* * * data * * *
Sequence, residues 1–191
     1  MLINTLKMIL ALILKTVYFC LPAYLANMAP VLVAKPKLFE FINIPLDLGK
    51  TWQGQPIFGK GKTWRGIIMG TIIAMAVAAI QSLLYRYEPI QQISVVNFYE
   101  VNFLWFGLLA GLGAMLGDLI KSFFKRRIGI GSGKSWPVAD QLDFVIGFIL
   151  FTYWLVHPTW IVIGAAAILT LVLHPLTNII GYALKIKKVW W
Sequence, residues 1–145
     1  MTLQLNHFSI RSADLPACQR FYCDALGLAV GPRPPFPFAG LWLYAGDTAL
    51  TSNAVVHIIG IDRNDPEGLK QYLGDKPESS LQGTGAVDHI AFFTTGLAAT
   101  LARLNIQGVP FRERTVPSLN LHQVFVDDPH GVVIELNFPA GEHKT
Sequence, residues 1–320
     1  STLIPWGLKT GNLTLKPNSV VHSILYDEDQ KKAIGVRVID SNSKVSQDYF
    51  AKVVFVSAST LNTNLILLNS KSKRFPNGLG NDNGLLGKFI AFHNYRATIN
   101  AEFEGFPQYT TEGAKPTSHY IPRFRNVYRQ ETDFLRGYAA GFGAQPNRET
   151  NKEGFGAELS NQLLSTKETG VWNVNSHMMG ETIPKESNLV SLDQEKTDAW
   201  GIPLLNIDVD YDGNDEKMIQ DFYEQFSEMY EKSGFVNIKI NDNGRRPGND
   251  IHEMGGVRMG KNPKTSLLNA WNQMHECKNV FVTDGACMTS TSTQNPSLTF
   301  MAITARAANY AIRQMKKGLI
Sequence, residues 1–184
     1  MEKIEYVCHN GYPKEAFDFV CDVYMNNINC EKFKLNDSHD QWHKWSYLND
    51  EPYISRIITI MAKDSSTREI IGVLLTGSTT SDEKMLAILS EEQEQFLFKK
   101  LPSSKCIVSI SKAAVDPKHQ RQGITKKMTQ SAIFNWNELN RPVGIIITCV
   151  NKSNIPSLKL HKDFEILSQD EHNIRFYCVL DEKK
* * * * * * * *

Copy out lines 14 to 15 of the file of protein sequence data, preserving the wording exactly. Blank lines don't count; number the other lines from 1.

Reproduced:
   151  NKEGFGAELS NQLLSTKETG VWNVNSHMMG ETIPKESNLV SLDQEKTDAW
   201  GIPLLNIDVD YDGNDEKMIQ DFYEQFSEMY EKSGFVNIKI NDNGRRPGND